Tall Buddies: Peer-Assisted Learning Initiative Term Paper

Background and Overview.

The growing body of scholarly evidence concerning peer tutoring has been consistent in emphasizing the powerful effects that children can exert on the academic and interpersonal development of their classmates and/or other students (Ehly & Topping, 1998). For example, Bloom (1984) reported early on that one-on-one tutoring by a fully skilled peer was more effective than both conventional (i.e., teachers' lecturing) and mastery learning (i.e., student- regulated) methods of teaching. Across several replications of academic content and student age levels, Bloom (1984) reported that peer tutoring programs produced effect sizes on the order of 2 standard deviations above the mean of the control group (i.e., students receiving conventional lecture-based instruction), compared with 1.3 standard deviations for mastery learning (effect sizes larger than.25 of 1 standard deviation were described as educationally significant) (Ehly & Topping, 1998). Likewise, Slavin (1990) even enthuses that, "One-to-one tutoring is the most effective form of instruction known" (emphasis added) (p. 44). Besides these benefits to the tutee, peer tutoring programs have been shown to provide improved academic outcomes when they are used on a same-age, cross-age, and class-wide basis; moreover, many empirical investigations have documented that mutual benefits accrue from the systematic use of peer tutoring programs wherein children who serve as tutors frequently achieve academic gains comparable to those who receive tutorial assistance (Ehly & Topping, 1998).

Generally speaking, peer tutoring programs create alternative teaching arrangements in which students act as instructional agents for one another (Harper, Maheady, & Mallete, 1994). Peer tutoring also provides opportunities for students to discuss content and processes of reading, and the studies to date suggest that specific methods can enhance students ability to monitor their processes and that the social context plays a major role in supporting students understanding of these strategies (Afflerbach, Baumann, Duffy-Hester, Hoffman, McCarthey & Ro, 2000). The potential advantages of peer tutoring programs include providing a framework that allows the teacher to customize instruction to the needs of individual students and to provide a higher number of instructional trials in one-on-one or small group teaching formats (Fister et al., 2001).

This model assigns some of the main sub-processes into one of five categories. The first of these again includes organizational or structural features of the learning interaction, such as the need and press inherent in peer-assisted learning toward increased time on task (t.o.t.) and time engaged with task (t.e.t.), the need for both helper and helped to elaborate goals and plans, the individualization of learning and immediacy of feedback possible within the one-on-one situation, and the sheer excitement and variety of a different kind of learning interaction. To help determine what specific type of peer-tutoring is involved, Falchikov provides the algorithm in Figure __ below.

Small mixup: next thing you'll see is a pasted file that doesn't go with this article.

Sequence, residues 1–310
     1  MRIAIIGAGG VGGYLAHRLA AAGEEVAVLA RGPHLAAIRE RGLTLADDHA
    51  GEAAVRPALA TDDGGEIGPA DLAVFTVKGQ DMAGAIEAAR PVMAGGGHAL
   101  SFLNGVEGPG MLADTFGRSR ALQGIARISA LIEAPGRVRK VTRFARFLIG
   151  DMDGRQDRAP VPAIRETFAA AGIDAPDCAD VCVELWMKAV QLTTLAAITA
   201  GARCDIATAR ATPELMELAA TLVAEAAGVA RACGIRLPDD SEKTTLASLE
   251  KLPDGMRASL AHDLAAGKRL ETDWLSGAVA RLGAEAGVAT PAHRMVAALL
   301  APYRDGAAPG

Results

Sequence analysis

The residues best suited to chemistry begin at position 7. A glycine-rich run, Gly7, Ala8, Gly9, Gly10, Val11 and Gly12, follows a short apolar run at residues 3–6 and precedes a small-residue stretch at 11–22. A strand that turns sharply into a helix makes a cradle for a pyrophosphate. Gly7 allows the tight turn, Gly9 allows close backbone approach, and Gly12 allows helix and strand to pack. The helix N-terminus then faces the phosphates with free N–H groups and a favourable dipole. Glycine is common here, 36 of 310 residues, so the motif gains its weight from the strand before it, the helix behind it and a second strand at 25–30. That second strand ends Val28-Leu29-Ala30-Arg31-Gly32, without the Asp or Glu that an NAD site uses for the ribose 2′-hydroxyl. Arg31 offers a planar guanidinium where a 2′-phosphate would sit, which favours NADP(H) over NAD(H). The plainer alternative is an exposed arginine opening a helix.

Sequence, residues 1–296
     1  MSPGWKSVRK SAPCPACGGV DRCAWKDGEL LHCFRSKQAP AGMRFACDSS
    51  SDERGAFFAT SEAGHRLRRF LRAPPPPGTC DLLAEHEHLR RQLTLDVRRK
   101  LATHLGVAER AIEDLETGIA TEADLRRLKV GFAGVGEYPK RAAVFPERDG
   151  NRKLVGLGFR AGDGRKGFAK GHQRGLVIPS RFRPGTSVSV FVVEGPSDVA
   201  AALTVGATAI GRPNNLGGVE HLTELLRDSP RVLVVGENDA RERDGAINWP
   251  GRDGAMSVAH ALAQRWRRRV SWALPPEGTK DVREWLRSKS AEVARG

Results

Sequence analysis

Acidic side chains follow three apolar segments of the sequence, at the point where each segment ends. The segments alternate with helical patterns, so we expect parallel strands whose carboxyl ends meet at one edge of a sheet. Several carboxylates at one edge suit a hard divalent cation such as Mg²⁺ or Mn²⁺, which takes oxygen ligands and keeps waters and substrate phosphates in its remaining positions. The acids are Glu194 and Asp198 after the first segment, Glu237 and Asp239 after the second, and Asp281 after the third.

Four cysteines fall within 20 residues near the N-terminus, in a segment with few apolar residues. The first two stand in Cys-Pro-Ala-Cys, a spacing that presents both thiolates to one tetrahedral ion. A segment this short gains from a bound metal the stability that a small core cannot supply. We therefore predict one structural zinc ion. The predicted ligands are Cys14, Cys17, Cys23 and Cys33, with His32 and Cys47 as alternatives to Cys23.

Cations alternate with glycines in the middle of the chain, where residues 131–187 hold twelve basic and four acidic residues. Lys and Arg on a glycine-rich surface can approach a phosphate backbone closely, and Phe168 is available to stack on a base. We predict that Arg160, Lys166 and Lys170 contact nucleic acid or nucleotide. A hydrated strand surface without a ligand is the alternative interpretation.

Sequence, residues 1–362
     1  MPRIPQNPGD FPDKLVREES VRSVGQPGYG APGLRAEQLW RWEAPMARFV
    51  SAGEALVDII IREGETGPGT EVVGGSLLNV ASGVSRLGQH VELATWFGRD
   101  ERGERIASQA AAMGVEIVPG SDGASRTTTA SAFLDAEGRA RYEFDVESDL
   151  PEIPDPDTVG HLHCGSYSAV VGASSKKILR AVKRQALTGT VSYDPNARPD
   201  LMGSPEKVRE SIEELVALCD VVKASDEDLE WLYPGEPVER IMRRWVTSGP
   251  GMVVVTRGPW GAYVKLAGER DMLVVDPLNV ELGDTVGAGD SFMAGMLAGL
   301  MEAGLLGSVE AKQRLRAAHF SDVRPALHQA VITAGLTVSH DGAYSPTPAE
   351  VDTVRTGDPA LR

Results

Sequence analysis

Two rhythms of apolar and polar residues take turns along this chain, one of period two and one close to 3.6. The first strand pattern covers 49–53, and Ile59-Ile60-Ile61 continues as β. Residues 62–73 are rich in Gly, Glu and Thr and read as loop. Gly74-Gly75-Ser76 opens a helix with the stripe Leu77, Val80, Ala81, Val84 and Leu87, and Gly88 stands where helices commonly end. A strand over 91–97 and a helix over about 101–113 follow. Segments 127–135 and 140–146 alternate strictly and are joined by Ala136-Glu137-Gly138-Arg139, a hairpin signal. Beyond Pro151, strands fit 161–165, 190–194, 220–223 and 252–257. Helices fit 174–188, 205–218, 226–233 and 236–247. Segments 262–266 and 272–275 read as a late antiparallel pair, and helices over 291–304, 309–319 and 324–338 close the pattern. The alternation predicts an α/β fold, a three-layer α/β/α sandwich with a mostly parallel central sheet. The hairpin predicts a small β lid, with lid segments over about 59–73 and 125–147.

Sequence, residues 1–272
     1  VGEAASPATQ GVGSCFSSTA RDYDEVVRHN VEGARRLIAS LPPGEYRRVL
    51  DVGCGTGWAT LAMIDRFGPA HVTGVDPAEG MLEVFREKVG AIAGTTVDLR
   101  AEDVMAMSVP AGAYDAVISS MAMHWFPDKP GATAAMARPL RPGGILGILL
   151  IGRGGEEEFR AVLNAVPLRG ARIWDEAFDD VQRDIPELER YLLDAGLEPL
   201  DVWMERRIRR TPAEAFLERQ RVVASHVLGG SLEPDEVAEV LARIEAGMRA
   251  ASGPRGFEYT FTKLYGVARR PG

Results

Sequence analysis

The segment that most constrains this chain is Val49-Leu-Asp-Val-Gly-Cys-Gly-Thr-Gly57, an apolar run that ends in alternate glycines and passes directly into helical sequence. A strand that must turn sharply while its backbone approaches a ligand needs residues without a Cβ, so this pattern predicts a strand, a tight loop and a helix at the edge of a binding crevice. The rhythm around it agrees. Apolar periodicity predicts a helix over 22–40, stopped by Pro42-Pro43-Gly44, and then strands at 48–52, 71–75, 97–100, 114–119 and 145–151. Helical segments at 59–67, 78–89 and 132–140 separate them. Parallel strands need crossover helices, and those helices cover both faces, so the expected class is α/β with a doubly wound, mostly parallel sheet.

Figure ____. Varieties of peer tutoring.

Source: Falchikov, 2001, p. 8.

From a cognitive perspective, peer-assisted learning alternatives involve both conflict and challenge; they also involve support and scaffolding from the more competent other participant, within the so-called "Zone of Proximal Development" of both the tutor and the tutee (Harrison, 2001, p. 157). According to this author, "The cognitive demands upon the helper in terms of detecting, diagnosing, and correcting errors and misconceptions is substantial - and herein lies much of the cognitive exercise and benefit for the helper" (Harrison, 2001, p. 157).

Peer-assisted learning also places heavy demands upon the communication skills of both helper and helped, but in so doing these initiatives also serve to develop those skills. For all participants, they might never have truly grasped a concept until they had to explain it to another, embodying and crystallizing thought into language. The affective component of peer-assisted learning can also prove very powerful. A trusting relationship with a peer who does not occupy a position of authority might well facilitate self-disclosure of ignorance and misconception, thereby enabling subsequent diagnosis and correction (Harrison, 2001). Likewise, modeling of enthusiasm and competence and the simple possibility of a successful outcome by the tutor can influence the self-confidence of the tutee, while a sense of loyalty and accountability to each other might provide the motivation needed to keep the two participants focused and on-task (Harrison, 2001). Previous research that has sought to identify why and how peer-tutoring is effective have pointed to the role of specific interactions in promoting learning during tutoring and other peer-directed small group learning (Adelgais, King & Staffieri, 1998).